Tuesday April 15, 2014


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Local News

Replacement buses to be low-emission diesel

Hydrogen buses out of service in March Transportation

The hydrogen fleet launched in January 2010 with 20 buses hitting the roads around Whistler.

Wilhelm-Morden was not surprised that Whistler’s hydrogen bus pilot and fuelling station are being dismantled given the high cost of the project, but said she is disappointed that the pilot didn’t work as planned.

“I always thought it was cool that the only thing coming out of the exhaust pipes of these buses is water, and obviously we’re going to lose that,” she said.

“We are getting Nova clean diesel buses that do give off emissions, but it will be so much better than the diesel buses that we currently have. It’s a bit of a step backward from an emissions perspective.”

The Ministry of Transportation confirmed last week that the pilot would not be renewed after it concludes in March 2014, after four years and three months in service.

The pilot project was created to showcase the technology and B.C. businesses in the hydrogen fuel cell industry, like Ballard Power Systems, during the 2010 Olympic Winter Games.

Whistler was also considered to be the perfect testing ground for the technology given the range of temperatures, weather and terrain.

The cost of the pilot project was $89.5 million, with the municipal government contributing $16.8 million — the cost the municipality would have paid to operate and maintain a standard diesel fleet.

None of the plans that would have made the hydrogen buses viable for the long term came to pass.

For example, a hydrogen highway connecting B.C. to California — a priority for former Governor of California Arnold Schwarzenegger — never materialized.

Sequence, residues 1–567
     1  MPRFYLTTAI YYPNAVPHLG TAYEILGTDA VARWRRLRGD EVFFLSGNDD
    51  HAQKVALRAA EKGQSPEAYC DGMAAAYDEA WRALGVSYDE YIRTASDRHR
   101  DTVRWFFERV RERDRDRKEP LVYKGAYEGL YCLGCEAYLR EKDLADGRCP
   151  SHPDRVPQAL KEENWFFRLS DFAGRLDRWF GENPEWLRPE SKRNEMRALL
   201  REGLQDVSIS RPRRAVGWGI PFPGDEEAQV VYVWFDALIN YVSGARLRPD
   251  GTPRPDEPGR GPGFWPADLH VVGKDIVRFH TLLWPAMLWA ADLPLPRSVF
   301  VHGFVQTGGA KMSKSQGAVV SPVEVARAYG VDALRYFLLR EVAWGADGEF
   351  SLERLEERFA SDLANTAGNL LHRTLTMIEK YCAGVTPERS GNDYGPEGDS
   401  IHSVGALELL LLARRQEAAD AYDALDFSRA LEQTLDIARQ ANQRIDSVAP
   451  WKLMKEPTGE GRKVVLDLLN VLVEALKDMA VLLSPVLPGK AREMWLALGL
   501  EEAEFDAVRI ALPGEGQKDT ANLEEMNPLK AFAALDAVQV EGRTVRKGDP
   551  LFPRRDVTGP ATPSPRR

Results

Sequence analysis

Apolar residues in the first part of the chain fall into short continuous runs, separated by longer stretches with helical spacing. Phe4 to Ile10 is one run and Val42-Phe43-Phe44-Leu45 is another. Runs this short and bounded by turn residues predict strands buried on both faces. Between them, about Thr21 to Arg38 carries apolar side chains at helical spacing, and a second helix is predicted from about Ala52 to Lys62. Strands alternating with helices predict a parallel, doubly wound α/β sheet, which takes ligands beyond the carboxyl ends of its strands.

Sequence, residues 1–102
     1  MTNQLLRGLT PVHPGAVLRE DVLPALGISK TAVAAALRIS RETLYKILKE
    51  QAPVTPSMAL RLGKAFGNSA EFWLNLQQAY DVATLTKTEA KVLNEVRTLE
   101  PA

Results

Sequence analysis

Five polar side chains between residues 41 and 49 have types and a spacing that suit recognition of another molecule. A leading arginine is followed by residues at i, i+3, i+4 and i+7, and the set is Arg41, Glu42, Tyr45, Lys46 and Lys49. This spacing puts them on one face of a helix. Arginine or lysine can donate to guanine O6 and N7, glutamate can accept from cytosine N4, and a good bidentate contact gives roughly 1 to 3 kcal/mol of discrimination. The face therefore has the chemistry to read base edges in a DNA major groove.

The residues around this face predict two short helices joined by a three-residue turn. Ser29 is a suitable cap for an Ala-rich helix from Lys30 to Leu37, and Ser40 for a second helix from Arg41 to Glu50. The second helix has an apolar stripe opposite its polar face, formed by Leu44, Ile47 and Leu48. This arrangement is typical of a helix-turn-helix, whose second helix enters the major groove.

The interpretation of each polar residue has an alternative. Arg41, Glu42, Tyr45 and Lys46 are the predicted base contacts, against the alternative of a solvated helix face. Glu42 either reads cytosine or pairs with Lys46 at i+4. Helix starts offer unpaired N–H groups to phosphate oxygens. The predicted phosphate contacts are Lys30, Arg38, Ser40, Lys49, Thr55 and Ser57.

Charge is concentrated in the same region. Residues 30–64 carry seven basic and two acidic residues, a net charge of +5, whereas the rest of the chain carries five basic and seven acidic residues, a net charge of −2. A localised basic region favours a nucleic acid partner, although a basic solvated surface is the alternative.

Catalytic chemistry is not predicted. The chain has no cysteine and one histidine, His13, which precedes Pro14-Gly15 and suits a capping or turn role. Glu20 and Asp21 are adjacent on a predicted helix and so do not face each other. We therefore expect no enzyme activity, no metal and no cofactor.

As well, plans to find a local source of hydrogen that would have significantly reduced the fuel price and cost of operating the system was never completed.

The hydrogen fuel for the pilot had to be trucked to Whistler from Quebec, over 5,000 kilometres away, and as a result the fuel cost was $2.28 per kilometre, three times the cost of diesel.

As well, maintenance of the buses — which struggled with software issues and in the cold weather — cost $1 per kilometre, versus 65 cents per kilometre for a diesel bus.

The return to diesel buses comes just as the Sea to Sky Clean Air Society revealed that particulate matter, an airborne pollutant and health risk, is higher than previously thought.

New, more sensitive equipment installed by the organization at Meadow Park last January has revealed background levels of particulate that are higher than previously thought. Overall, Whistler’s air quality is still good, but there are spikes where the air quality comes close to, and exceeds, provincial thresholds where advisories are issued.

The hydrogen fuelling facility at Nesters will also be taken down.

At the time the new bus depot and fuelling station were built, the municipality came under fire for their decision to allow for the partial backfilling of a wetland in the area to increase the lot size. Supporters of the project defended the decision on the basis that the environmental benefits of the hydrogen fleet exceeded the damage to the wetland.

An update report from 2012 that marked the 1.5 million road mile mark for the hydrogen fleet reported that carbon emissions were reduced 60 per cent over diesel, even taking into consideration the emissions from trucking the hydrogen from Quebec.



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